150507 Berger


This is a talk by a guest of the Software Languages Team.


Dr. Thorsten Berger (University of Waterloo, Canada)


Mining Configuration Constraints


Software Languages Team


A 120

Campus Koblenz


7 May 2015 (Thursday)


4:00pm (st!)

Bio of speaker

Thorsten Berger is a Postdoctoral Fellow at the University of Waterloo, Canada. His research focuses on software engineering, in particular, model-driven software engineering, empirical software engineering, static program analysis, and mining software repositories. He develops methods and tools for engineering highly configurable software, primarily in the domain of embedded/cyber-physical systems. Thorsten Berger received the PhD degree in computer science from the University of Leipzig, Germany in 2013, supported by a PhD scholarship from the German National Academic Foundation. He participated in research projects funded by the European Union, the German Federal Ministry of Education and Research, Automotive Partnership Canada, and the Ontario Research Fund for Academic Excellence. He received best-paper awards at the 2015 ACM SIGPLAN conference on MODULARITY and the 2013 European Conference on Software Maintenance and Reengineering (CSMR, now IEEE SANER).

Abstract of talk

Customization is a general trend in society. An ever-increasing diversity of hardware and many new application scenarios for software — such as cyber-physical systems — demand software systems that support variable stakeholder requirements. A common approach is to offer configuration options, set by users to customize software. Such options are rarely independent and often restricted by intricate domains arising from technical restrictions in the codebase or from domain knowledge, such as marketing or hardware dependencies.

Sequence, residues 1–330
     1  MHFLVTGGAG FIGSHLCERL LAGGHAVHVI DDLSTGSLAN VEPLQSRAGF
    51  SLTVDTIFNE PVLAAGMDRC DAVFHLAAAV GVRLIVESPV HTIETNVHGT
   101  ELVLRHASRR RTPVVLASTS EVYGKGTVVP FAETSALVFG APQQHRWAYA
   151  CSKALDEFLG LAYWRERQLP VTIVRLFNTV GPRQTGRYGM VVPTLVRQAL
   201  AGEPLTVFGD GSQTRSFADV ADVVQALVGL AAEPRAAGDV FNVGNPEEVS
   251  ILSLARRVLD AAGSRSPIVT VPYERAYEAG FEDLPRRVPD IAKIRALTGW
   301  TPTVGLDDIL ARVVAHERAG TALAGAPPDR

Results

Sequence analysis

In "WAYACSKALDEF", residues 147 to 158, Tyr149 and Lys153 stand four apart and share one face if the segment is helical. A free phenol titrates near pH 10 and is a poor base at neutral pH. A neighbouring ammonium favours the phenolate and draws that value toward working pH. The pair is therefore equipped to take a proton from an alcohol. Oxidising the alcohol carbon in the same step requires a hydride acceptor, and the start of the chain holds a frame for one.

Configuration options and configuration constraints are often described in higher-level representations, so-called variability models, which support development, analysis, and configuration of large systems. While variability models are usually manually created, evolved, and verified — can we support these processes with an automated technique?

In the talk, I will present our work on mining configuration constraints from large C codebases. We developed scalable static-analysis techniques to extract constraints, empirically evaluated their effectiveness on four large-scale systems, including the Linux kernel, and conducted a follow-up study with developers to understand the rationales behind constraints. Our results show that up to 50% of the model constraints can actually be found in the codebase, and that there are often very pragmatic rationales for introducing constraints. Time permitting, I will also talk about using the extracted constraints to synthesize variability models.